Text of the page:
Expert witness defamation & vindication: Can confidential documents be used?

…:The lawyer or doctor vilified or abused on the web by his client or patient is not thereby liberated from his obligation so as to permit him to make whatever retaliatory use he may choose of otherwise confidential information about his client or patient. There must be … some appropriate balance between the competing claims of the patient and the doctor. The invasion of the patient’s confidentiality must be proportionate to the legitimate demands of the doctor…” (at [25])

In the matter of C (Application by Dr X and Y) [2015] EWFC 79 arose in the context of Dr X having been the treating psychiatrist for a woman, the mother of the child C. Dr X was also called upon to provide an expert opinion for the court, in relation to care proceedings for the child C (at [4]).

It appears that the woman later made a complaint about Dr X to the General Medical Council (GMC) and may have made public (internet) defamatory statements about him. The GMC brought proceedings against Dr X, which were dismissed.

The applicationby Dr X was for disclosure of and permission to use documents from the care proceedings and from the GMC proceedings (at [6]) to vindicate his reputation.

As explained at [10]:

In his statement, Dr X referred to what he called “a need for transparency for experts in the Family Court.” He said that “reputable journalists”, whom he identified, wished to “have access to the documents in order to write articles on the role of the expert in the Family Court and the functioning of the General Medical Council when regulating doctors acting as experts.” He said that “misinformed press reporting has severely damaged my reputation and my ability to work in child protection or within the court arena” and that he been “unable to respond due to the confidentiality of the family court.” The mother, in contrast, he said, had not merely spoken to the media, making what he said were “false allegations” about him, but had also made documents available on the internet, notwithstanding an injunction prohibiting her from doing so. He said that he had received a number of invitations to speak at professional conferences “but cannot make these presentations without disclosure being allowed.” In Miss Wills-Goldingham’s skeleton arguments it is said that Dr X’s “otherwise unblemished reputation … has been cataclysmically damaged … through inaccurate reporting and internet postings” and that he has been “unfairly and unjustly pilloried by the mother and, through her, by the press.”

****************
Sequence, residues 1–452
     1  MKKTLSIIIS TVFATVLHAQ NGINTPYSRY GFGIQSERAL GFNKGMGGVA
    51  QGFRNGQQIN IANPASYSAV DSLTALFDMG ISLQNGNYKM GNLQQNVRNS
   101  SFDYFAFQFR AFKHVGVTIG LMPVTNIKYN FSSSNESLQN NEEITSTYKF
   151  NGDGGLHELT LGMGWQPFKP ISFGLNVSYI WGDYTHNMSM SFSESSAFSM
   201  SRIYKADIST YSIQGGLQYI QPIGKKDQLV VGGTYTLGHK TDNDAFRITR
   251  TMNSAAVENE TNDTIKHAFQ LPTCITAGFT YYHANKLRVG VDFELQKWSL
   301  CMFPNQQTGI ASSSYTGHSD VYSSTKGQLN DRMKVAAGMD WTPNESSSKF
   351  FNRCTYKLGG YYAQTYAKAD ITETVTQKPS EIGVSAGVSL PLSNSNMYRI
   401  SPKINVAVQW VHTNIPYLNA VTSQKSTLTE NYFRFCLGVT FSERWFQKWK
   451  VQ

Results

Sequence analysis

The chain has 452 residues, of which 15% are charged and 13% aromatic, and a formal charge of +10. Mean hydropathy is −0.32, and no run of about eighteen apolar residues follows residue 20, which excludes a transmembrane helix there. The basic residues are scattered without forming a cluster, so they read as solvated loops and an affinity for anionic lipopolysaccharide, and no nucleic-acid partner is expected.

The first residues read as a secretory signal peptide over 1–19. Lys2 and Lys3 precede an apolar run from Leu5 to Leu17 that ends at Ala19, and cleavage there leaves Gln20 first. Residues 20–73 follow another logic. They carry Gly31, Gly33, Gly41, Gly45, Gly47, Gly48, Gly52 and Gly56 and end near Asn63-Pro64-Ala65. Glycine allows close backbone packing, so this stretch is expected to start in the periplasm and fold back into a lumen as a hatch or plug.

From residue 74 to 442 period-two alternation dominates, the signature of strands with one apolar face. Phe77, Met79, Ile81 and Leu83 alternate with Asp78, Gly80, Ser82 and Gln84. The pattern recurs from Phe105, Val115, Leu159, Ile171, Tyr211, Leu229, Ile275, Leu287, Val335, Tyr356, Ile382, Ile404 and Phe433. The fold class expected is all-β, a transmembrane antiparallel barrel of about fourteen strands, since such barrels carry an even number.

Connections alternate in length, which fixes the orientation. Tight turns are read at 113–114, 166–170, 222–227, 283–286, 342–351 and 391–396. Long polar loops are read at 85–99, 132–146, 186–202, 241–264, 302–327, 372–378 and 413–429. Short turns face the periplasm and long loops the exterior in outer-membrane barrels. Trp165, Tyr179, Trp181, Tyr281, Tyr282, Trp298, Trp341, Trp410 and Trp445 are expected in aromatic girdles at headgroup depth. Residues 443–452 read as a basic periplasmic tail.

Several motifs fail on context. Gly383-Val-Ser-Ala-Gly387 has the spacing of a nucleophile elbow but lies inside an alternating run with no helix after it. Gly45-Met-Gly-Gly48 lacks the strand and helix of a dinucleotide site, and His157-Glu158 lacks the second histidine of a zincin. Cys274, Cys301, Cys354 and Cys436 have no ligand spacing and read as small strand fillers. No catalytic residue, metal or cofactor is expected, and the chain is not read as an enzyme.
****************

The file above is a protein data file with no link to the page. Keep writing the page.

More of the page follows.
The application was refused, with the court noting at [74] – [75]:

In my judgment, on any view of the appropriate balancing test the balance comes down, clearly and decisively, against even the more reduced disclosure now being sought by Dr X and Y. What is proposed would constitute a massive and wholly unjustifiable breach of the confidentiality which attaches to the materials, impossible to justify by any asserted public interest, let alone by reference to any legitimate interests of Dr X and, in the same way and for comparable reasons, a breach of the mother’s rights under Article 8 of the Convention. Unsurprisingly in these circumstances, what is proposed extends far beyond anything to be found in the practice of the family courts.

Accepting, as I am prepared to for the purposes of argument, that Dr X has been traduced and defamed by the mother, his former patient, that does not, of itself, as I have explained, liberate him from his continuing duties of confidentiality nor, of itself, justify removing the limitations on the use of the family court documents arising under section 12 of the 1960 Act. There has to be a proper balance between the competing claims of the patient and doctor. The invasion of the patient’s confidentiality must, as in the case of an invasion of the confidentiality which attaches to the family court documents, be proportionate to the legitimate demands of the doctor. Here the remedy being sought by Dr X – permission to put the mother’s medical records and related documents into the public domain, at a time and in circumstances of his own choosing and without any of the safeguards usually imposed – is wholly disproportionate to anything which he can legitimately or reasonably demand. It goes far beyond what the law permits. Indeed, it conflicts with what the GMC’s guidance requires of Dr X.

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